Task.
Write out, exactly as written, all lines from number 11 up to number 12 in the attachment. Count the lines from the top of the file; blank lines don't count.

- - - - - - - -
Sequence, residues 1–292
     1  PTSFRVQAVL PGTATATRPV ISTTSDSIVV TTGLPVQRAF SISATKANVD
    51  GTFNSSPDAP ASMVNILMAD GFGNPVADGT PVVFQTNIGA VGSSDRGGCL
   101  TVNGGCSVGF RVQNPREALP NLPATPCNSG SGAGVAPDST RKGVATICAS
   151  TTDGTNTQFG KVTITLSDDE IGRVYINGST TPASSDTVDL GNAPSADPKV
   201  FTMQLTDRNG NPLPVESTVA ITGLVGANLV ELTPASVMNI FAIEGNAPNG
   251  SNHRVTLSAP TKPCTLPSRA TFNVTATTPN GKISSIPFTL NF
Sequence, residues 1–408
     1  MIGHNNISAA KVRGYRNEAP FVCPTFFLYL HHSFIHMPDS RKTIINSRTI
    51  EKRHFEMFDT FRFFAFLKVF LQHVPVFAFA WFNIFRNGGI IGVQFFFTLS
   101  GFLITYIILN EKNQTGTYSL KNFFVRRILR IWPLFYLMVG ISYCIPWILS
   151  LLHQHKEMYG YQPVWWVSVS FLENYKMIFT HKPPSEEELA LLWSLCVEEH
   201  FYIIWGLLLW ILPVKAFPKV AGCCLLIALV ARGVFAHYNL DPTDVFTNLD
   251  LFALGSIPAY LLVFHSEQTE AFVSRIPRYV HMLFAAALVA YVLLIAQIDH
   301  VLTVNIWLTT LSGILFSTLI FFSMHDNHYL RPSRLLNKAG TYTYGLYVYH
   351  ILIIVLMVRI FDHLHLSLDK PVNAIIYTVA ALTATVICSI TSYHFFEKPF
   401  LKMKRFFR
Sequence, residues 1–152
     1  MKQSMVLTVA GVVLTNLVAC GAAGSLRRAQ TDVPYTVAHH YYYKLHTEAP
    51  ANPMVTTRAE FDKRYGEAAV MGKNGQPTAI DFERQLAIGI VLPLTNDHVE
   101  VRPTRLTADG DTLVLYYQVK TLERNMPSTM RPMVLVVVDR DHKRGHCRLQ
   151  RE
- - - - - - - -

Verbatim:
   101  GFLITYIILN EKNQTGTYSL KNFFVRRILR IWPLFYLMVG ISYCIPWILS
   151  LLHQHKEMYG YQPVWWVSVS FLENYKMIFT HKPPSEEELA LLWSLCVEEH